We were out on our before-bed pee walk. As usual, Stanley was trailing a half block behind Toby and me. I hate the dark and the cold so Toby and I were moving at a brisk pace. So, I was surprised when Stanley suddenly appeared at my shoulder. “Hey,” he said, “There’s someone sitting on the curb back there crying.”
I turned to look back at the corner, could make out a huddled black form and on the still chilly air, I could hear sobbing. Toby was pulling at his leash so we walked on, turning to look back every few feet, the sound of crying falling around us like rain. Finally I stopped and asked, “Do you think we should go back and check on them?”
“Yes. There are two of us,” he said, “So it should be okay.” I knew what he was thinking. We live in the city; you have to be cautious. We turned around. As we approached, I took off my hood so as to appear less threatening. We called out, “Hey, are you okay?"
Wrong question because there’s generally one answer, “Yes, I’m fine.” The person, a young girl, shook her head, continued crying.
I sat next to her. “I’m Larry and this is Stanley. Are you hurt? Did someone do something to hurt you? Are you in pain?”
She nodded pointed to her chest. Stress, I guessed. “What’s your name? Do you mind telling me your name?” She showed me her University ID.
“Angelica—can you tell me what’s wrong?”
“I-I’m afraid I may hurt myself.”
"Okay. We’re going to get you some help. We’ll stay here with you until help comes. I’m going to put my arm around you, ok?"
Stanley stepped behind us and I could hear him calling 911 and explaining what little we knew of the situation.
While we waited for help to arrive, I kept talking to her and was able to piece together her story. She was a freshman. Studying engineering. Her roommate had already gone home for Christmas break but she had upcoming finals still, was afraid she was going to fail, that her parents would be upset with her.
Listening to her cry, to her choke out her story, her fear of failure, of disappointing her parents, I sat in the cold, my arm around this frightened crying girl, and wondered if we were doing a disservice to our youth, if we put them under too much pressure by not teaching them that sometimes it was okay to fail, that sometimes it is in an ending that we find our beginning, that dreams and goals change, replaced by new ones, that life isn’t an end game but an evolution.
“I’ll tell you a secret, “ I said, leaning in closer. “I failed calculus my freshman year. My parents were upset but you know what? I took it over the next semester and I got a ‘B.’ My roommate tutored me every night for an entire semester.”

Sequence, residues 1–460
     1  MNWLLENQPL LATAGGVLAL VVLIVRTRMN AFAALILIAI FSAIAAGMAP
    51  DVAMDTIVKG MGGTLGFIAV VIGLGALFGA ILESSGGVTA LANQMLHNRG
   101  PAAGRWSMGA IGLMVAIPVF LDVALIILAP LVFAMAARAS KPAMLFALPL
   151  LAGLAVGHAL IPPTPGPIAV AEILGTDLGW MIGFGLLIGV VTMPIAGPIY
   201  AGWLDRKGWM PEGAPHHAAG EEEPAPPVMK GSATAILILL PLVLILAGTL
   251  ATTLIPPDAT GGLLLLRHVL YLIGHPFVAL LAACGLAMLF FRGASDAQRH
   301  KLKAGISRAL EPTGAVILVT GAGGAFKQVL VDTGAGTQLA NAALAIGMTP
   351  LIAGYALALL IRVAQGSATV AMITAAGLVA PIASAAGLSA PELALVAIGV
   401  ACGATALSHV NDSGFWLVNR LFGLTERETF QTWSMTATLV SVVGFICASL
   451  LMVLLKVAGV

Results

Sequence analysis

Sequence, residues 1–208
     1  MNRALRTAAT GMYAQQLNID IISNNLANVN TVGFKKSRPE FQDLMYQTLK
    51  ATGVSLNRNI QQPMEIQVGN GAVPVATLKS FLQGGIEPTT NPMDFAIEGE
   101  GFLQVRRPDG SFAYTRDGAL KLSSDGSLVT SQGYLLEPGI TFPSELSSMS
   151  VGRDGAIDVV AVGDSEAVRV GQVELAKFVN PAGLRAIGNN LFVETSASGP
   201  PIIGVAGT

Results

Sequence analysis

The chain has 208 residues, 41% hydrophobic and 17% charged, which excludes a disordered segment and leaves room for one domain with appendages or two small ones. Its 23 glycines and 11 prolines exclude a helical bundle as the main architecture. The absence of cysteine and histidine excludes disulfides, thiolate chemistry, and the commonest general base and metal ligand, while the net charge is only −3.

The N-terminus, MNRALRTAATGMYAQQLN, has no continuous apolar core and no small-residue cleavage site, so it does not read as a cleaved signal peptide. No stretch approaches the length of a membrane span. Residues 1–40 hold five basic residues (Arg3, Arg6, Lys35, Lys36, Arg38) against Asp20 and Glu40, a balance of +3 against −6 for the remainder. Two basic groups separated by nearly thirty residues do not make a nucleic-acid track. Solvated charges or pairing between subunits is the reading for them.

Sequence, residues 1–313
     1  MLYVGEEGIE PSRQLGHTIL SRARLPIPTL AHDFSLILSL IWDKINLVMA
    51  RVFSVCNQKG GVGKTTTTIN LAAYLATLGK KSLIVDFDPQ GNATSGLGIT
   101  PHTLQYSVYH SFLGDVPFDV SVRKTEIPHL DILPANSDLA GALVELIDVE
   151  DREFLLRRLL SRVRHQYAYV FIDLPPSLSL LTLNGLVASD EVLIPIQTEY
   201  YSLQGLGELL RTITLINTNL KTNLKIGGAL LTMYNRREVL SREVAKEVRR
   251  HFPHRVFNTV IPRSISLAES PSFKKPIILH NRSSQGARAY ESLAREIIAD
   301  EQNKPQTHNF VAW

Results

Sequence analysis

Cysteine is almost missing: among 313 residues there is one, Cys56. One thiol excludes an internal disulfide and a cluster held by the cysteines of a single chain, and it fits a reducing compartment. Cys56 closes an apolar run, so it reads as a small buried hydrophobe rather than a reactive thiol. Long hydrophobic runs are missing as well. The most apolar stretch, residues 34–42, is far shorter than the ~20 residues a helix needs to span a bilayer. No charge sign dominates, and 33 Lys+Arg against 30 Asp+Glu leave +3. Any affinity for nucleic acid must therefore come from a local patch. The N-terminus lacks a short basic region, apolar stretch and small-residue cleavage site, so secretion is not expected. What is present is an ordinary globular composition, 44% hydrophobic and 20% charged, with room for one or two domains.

I told her of my senior year when the pressure finally became too much and I, like a handful of tissues accidentally dropped into a puddle, came apart; I swallowed a handful of pills. I panicked, called my boyfriend, “Help me,” I said.
Too weak to stand on my own, I stood on the shoulders of others who held me, who walked for me until I could walk for myself.
“We’re strangers,” I said. “We heard you crying and we stopped to help. I’m sitting here in the cold and I hate being cold. Do you know why I’m here?”
She shook her head, no.
“Because we care. Other people care about you, too. Because you matter. You are more important than the fact that I am cold and tired. You are more important than any test score.”
Just then, a car pulled around the corner and stopped where we sat. Two women, a young girl and an older woman hoped out. “Anj?” the younger one said.
Angelica looked up at the sound of her name. The young girl was a classmate who lived off campus. Angelica had texted her before we arrived. We quickly filled them in on what we knew and that the police were on their way. They gathered close and we continued talking to Angelica. She quieted and stopped shaking. “You know the girl’s mother said, “You just have to hang in there. It gets better. It really does.”
By the time the cops arrived, two more of her friends, having heard news of her distress, had joined us on that corner.
“Do you want to go to the hospital?” one of the officers asked her.
“Yes,” she said. “I’m afraid. I need help.”
It was decided she would ride with her friends and her friend’s mother and they would follow the cops to the nearest hospital. Before she got in the car, I hugged her, kissed the top of her head, and whispered, “You’re going to be okay Angelica. You did the right thing.”
And I believed that. I also believed she was a survivor and like all true survivors, she knew that true strength lay in the ability to ask for and accept help. She had asked for and accepted help. She would, I knew, eventually be fine.
As we walked home, I realized we’d stopped to help a stranger and I'd learned a few things in the process. I learned that despite our surface differences, I, a middle-aged, black gay man, had more in common with a frightened eighteen year old white girl than I would have imagined, that beneath our clothes, beneath our differences, beneath our skin, we are the same.
And I remembered why I loved Stanley, this man I have been with for nearly seventeen years: because he cares, because a stranger’s tears could awaken compassion, could make him act.